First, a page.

As award season started to creep into focus – a time for biopics and slightly stuffy intellectual dramas – with The Florida Project, we received one of the most life-affirming films of the last few years. Here is a movie which fizzes with youthful effervescence; it’s as mischievous as bubblegum, sometimes dark as liquorice and always sharp like sherbet without ever stepping into the saccharine.
The film tells the story of the Magic Castle motel – a sprawling pastel establishment in the shadow of Orlando’s Disney parks – and the residents within, scraping together a living by any means necessary to make rent each month. Much of the world on view is seen through the eyes of 6 year-old Moonee, a precocious girl too young to fully grasp the hardships of her family’s situation but ready to thrive with her defiant mother regardless.
Played by Brooklynn Prince, who gives an astonishing performance akin to the eighth wonder of the world, Moonee swears, spits and burps with reckless abandon, a foul-mouthed princess surveying her motel carpark kingdom, enlisting new pint-sized followers each time she goes out to play. As the camera follows her adventures with best friend Scooty and new kid on the block Jancey, viewers are transported back to the naivete of youth, seemingly free from worry as, for much of the film, the pinch is only truly felt by her mother.
Cast in her first feature by Baker after sliding into her Instagram DMs, Bria Vinaite’s debut as Moonee’s mother Halley is one of fuck-the-world intensity which burns with the fire of a single mother who’s slipped through the cracks. She’s the product of a system that isn’t made for her; with no references to allow her to rent privately, her only way to survive is to pay hand-over-fist at the Magic Kingdom, a fragile temporary arrangement all too prevalent in 2017.
The pair’s relationship illuminates the picture, the laughter they share is infectious and the love is as real as anything seen in theatres this year. Although some of Halley’s actions throughout border on deplorable, her need to protect Moonee is unwavering – as with life, here the lines of morality can blur. One of the standout moments born from their chemistry is a wonderful scene in which Moonee, giggling, brazenly orders everything off a diner menu with intoxicating glee, without of course realising that the only way they can afford this is to skip out on the bill. It’s a set-piece that perfectly encapsulates the fragility of their being, yet is never shy of frivolity.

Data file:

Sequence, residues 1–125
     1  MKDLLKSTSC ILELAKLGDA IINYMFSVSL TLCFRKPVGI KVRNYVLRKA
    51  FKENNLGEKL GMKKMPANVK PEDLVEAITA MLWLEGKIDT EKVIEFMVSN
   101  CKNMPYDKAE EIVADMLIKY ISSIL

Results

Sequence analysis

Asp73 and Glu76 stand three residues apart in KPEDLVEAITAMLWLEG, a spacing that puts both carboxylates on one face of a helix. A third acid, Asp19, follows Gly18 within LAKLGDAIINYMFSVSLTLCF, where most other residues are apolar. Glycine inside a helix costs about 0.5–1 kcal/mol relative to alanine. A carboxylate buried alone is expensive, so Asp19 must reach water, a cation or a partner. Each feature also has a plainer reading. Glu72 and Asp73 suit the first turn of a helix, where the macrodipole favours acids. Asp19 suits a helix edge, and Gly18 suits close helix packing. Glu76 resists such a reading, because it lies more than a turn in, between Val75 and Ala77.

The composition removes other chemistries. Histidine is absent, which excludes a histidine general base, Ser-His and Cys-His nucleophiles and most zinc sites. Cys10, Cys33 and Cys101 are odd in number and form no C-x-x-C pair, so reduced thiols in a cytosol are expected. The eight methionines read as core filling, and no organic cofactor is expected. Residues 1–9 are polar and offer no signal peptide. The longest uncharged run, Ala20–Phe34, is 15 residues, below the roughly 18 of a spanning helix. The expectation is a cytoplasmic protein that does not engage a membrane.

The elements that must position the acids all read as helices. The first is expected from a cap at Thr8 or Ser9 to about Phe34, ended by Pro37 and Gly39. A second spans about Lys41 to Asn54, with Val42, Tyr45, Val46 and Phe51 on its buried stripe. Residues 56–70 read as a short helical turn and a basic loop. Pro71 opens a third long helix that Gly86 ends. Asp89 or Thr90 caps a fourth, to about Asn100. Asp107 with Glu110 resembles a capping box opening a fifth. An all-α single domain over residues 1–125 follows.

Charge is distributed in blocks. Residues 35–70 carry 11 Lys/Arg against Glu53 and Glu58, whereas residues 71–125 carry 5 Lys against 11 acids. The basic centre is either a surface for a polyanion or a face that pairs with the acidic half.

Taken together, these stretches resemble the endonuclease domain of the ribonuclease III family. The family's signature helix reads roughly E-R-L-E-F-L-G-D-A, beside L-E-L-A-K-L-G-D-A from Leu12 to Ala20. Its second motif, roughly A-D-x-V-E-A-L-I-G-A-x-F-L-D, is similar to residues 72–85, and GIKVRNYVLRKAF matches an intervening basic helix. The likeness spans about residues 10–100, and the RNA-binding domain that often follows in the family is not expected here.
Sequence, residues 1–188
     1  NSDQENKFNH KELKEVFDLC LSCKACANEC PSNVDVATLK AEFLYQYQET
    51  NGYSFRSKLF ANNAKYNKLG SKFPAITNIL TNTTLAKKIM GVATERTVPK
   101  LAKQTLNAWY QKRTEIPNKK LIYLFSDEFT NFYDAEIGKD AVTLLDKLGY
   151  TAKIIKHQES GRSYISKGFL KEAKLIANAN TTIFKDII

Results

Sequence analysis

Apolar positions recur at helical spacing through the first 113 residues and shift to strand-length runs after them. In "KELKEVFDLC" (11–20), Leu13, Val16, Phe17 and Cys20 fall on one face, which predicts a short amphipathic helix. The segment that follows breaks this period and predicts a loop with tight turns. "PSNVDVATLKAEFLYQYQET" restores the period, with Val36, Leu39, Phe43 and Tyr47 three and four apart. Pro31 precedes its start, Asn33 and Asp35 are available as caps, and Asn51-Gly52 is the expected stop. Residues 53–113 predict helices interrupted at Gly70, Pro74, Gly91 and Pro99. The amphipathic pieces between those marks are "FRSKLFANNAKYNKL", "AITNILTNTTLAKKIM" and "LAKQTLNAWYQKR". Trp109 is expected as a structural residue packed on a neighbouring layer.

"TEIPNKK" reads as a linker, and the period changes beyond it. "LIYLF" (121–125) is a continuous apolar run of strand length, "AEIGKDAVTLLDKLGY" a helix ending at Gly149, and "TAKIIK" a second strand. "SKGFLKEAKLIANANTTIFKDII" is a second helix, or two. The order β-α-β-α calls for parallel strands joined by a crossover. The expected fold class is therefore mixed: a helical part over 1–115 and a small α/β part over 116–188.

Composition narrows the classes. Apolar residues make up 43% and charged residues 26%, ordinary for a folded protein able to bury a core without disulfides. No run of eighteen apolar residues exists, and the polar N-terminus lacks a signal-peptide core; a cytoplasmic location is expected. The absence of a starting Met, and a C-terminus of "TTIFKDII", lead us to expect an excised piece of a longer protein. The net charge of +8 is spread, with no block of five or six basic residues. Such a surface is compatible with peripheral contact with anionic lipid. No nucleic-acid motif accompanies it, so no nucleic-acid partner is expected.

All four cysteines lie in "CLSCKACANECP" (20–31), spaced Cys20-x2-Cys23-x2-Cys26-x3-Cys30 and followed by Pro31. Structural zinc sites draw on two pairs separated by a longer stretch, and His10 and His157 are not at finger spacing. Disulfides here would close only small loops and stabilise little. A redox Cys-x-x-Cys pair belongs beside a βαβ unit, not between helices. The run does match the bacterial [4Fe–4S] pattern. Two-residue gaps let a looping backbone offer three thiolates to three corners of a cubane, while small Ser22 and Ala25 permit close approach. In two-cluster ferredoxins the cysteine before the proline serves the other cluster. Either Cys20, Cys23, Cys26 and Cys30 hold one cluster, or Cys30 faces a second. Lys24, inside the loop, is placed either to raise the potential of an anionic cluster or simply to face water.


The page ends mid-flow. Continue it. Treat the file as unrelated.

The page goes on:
Playing reluctant enforcer is the property’s manager Bobby, played with a masterful delicacy by Willem Dafoe: a man who veers between babysitter and bailiff, himself struggling to make his venture a success, often unable to keep up with renovations. The Hollywood veteran gives his best performance in some time as a man both exasperated and empathetic – as much as Bobby will hassle for the rent each week, equally he’ll staunchly defend those under his roof. This is best shown during a scene – inspired by a situation the team had encountered while filming – in which Bobby methodically coerces a would-be predator away from the children to find out his true intentions. Awards acclaim will surely follow.
Shot on location in working motels, whose patrons and staff can often be seen in frame, The Florida Project is a film that exists as a living, breathing tribute to the will of the Sunshine State’s hidden homeless. Condescension or fetishization is non-existent as the crew eschew any hint of tourism, instead thoroughly immersing themselves in the lives of their subjects.
On paper the film’s subject matter could be somewhat morose, and in other hands overwrought, but here the results are joyously captivating. Though director Sean Baker’s work remains rooted in uncompromising reality, flourishes of the surreal pepper his work and this magical streak continues here. Once again he gives the spotlight to characters often overlooked in the world of film. His last, 2015’s Tangerine, often improvised and shot exclusively on three iPhone 5s, told the story of a transgender sex worker on the lookout for revenge when her pimp/lover has been rumoured to be unfaithful; it proved to be one of its year’s most electrifying breakouts. Potentially one of the most vital filmmakers on the planet, Baker is leading the charge to give more visibility to the most underrepresented without a preach in earshot.
There are no ways to sugarcoat the fact that belief in the art (read: business) of American filmmaking took a hit following widespread reports of abuse in the industry, but here in Sean Baker’s soon-to-be cult indie, we’re provided with enough reason to trust in the wondrous good that movies do. The Florida Project does more than just shine a light on the discrepancies of the Floridian classes, it’s here to save your soul.
N.B. As our site is UK based, we work off the selection of films released in cinemas in the UK in 2017.
So to recap, here’s our Top 20 to 4…
20th – LADY MACBETH
19th – JACKIE
18th – LOGAN
17th – O.J.: MADE IN AMERICA
16th – PADDINGTON 2
15th – A GHOST STORY
14th – THE BIG SICK
13th – MANCHESTER BY THE SEA
12th – BLADE RUNNER 2049
11th – THOR: RAGNAROK
10th – THE DEATH OF STALIN
9th – CALL ME BY YOUR NAME
8th – TONI ERDMANN
7th – THE HANDMAIDEN
6th – LA LA LAND
5th – DUNKIRK
4th – THE FLORIDA PROJECT
Stay tuned each and every day for the remainder of 2017 to read more on our Top 10 films of 2017!